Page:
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REFLECTIONS washington university in st. louis


THANK YOU A special thank you to the contributing members listed below Design & Photography: Julia Kent, Unsplash Contributors: Active Minds, Rebecca Lester, Kim McCallum Photo Shoot Participants: Emily Alves, Fabian Barch, Rachel Catanese, Molly Chaney, Julian Duodu, Dennis Echevarria, Claire Fox, Tyler Frank, Davis Jenkins, Denise Monti, Rachel Philipp, Landis Powell, Rohan Shirali, Cara Silverman, Karisa Tavassoli, Maxine Wright





INDEX Please note that some articles may be triggering to those struggling with an eating disorder. Readers are encouraged to use their own discretion. If you or someone you care about is struggling with an eating disorder, please reference page 9 for on-campus and off-campus resources. 6 eating disorders, signs and symptoms 7 eating disorders, statistics 8 eating disorder myths, busted 9 helpful resources 10 interview with kim mccallum 11 redirecting negative body-talk 12 how to help a friend 15 positive playlist 16 intuitive eating 18 love your body photo shoot 26 a thank you to my friends 28 stigma: society’s deadliest disease 30 dr. rebecca lester 34 why wustl students love their bodies 4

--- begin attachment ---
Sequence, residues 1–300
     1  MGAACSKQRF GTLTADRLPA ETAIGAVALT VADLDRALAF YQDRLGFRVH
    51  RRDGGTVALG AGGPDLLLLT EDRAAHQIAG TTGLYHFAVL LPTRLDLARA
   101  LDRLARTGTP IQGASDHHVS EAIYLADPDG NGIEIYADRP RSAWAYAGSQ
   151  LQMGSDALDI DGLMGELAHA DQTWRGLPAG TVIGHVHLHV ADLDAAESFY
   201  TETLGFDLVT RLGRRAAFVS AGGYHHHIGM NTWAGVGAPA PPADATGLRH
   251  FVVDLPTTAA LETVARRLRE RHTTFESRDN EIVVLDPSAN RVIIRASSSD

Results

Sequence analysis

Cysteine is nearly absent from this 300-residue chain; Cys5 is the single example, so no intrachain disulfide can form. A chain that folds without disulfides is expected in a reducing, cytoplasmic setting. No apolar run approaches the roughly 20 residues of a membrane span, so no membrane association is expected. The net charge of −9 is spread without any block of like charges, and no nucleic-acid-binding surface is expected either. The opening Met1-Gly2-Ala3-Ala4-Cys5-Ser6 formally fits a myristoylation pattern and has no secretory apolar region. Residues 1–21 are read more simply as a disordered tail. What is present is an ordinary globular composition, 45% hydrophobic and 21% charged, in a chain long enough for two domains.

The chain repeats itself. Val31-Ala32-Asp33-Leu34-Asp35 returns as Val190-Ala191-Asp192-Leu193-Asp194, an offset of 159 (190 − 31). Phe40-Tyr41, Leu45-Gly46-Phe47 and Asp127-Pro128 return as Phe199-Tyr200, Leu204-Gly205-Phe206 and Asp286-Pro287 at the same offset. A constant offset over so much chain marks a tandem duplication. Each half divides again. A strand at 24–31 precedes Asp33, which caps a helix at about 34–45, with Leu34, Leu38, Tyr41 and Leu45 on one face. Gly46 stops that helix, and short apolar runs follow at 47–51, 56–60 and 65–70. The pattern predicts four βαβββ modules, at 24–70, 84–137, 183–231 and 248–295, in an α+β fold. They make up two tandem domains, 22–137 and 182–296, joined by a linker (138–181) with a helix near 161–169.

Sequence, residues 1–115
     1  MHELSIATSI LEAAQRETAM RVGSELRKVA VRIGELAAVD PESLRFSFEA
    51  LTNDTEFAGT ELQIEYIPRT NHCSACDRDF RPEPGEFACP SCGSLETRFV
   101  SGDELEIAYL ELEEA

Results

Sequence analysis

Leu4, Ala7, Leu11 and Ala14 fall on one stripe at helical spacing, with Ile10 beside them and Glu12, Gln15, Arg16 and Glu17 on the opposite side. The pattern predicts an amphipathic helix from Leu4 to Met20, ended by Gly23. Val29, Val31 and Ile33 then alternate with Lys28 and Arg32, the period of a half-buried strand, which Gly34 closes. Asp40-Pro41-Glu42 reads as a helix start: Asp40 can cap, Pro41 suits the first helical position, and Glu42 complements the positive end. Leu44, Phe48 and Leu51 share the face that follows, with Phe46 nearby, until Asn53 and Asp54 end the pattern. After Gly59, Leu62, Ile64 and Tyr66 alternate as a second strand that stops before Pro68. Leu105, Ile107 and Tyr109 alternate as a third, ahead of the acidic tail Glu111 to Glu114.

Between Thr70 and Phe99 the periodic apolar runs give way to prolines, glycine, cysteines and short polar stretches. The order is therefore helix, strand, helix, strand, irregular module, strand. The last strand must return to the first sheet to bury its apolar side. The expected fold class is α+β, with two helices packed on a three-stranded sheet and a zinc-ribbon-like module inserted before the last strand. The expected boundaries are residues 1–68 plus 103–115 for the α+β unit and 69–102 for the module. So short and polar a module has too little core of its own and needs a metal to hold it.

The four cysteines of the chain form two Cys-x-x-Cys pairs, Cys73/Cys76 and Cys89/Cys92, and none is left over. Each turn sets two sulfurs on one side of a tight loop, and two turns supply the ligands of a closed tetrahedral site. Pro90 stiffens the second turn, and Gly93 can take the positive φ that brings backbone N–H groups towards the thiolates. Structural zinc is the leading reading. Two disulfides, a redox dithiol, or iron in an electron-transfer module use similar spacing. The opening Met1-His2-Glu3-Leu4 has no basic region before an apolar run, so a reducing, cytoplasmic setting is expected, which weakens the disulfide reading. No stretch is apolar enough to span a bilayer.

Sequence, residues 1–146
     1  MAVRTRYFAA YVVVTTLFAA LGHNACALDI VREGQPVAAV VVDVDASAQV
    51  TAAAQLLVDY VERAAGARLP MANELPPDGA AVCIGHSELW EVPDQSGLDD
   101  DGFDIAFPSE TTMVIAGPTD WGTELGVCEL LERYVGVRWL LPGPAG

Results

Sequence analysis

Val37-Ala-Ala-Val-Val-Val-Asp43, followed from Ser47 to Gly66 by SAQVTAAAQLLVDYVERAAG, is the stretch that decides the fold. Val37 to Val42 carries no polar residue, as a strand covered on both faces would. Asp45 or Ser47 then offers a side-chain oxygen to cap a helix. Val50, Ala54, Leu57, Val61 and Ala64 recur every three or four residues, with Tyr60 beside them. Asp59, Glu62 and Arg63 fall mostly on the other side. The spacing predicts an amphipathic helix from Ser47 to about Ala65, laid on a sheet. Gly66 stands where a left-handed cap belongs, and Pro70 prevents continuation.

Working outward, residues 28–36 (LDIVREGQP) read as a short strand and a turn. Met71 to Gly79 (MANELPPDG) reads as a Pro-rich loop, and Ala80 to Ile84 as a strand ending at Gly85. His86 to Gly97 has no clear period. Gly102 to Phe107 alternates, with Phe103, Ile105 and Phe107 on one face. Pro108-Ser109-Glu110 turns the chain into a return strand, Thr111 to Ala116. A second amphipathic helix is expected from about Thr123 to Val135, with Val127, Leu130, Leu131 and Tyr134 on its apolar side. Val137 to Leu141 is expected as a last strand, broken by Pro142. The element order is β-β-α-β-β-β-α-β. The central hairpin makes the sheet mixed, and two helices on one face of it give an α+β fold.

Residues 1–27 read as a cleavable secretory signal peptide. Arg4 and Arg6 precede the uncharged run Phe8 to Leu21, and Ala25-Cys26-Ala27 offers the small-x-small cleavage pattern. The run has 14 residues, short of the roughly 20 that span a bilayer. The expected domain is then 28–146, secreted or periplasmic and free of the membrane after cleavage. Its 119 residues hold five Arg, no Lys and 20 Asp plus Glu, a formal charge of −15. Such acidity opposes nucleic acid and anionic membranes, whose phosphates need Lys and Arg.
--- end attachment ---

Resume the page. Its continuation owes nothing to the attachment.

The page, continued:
LETTER FROM REFLECTIONS Hello Wash U, First, we wanted to thank you for taking the time to look through

in the United States alone (NEDA). There is no doubt that

this magazine and supporting Eating Disorder Awareness Week (EDAW). Reflections participates in EDAW every year by

the reality of eating disorders is unsettling, and we believe that

bringing educational and body-positive activities to campus. This

are essential to triumph over these mental illnesses.

year, Reflections decided to take a different direction and created